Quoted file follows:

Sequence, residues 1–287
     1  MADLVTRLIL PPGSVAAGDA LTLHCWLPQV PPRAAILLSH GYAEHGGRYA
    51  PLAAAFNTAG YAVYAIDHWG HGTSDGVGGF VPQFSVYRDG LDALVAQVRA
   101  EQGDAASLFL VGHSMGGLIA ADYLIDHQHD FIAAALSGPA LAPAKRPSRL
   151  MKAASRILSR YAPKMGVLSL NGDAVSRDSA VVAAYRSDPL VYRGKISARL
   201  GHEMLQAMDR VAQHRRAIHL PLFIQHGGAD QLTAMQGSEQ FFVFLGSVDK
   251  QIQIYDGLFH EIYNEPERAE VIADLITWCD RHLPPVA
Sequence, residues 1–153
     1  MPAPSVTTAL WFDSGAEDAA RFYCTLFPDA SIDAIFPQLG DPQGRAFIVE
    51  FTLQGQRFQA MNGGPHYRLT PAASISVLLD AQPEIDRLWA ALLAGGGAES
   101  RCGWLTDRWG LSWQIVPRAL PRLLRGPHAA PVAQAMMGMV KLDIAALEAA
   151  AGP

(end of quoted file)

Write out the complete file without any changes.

Sequence, residues 1–287
     1  MADLVTRLIL PPGSVAAGDA LTLHCWLPQV PPRAAILLSH GYAEHGGRYA
    51  PLAAAFNTAG YAVYAIDHWG HGTSDGVGGF VPQFSVYRDG LDALVAQVRA
   101  EQGDAASLFL VGHSMGGLIA ADYLIDHQHD FIAAALSGPA LAPAKRPSRL
   151  MKAASRILSR YAPKMGVLSL NGDAVSRDSA VVAAYRSDPL VYRGKISARL
   201  GHEMLQAMDR VAQHRRAIHL PLFIQHGGAD QLTAMQGSEQ FFVFLGSVDK
   251  QIQIYDGLFH EIYNEPERAE VIADLITWCD RHLPPVA
Sequence, residues 1–153
     1  MPAPSVTTAL WFDSGAEDAA RFYCTLFPDA SIDAIFPQLG DPQGRAFIVE
    51  FTLQGQRFQA MNGGPHYRLT PAASISVLLD AQPEIDRLWA ALLAGGGAES
   101  RCGWLTDRWG LSWQIVPRAL PRLLRGPHAA PVAQAMMGMV KLDIAALEAA
   151  AGP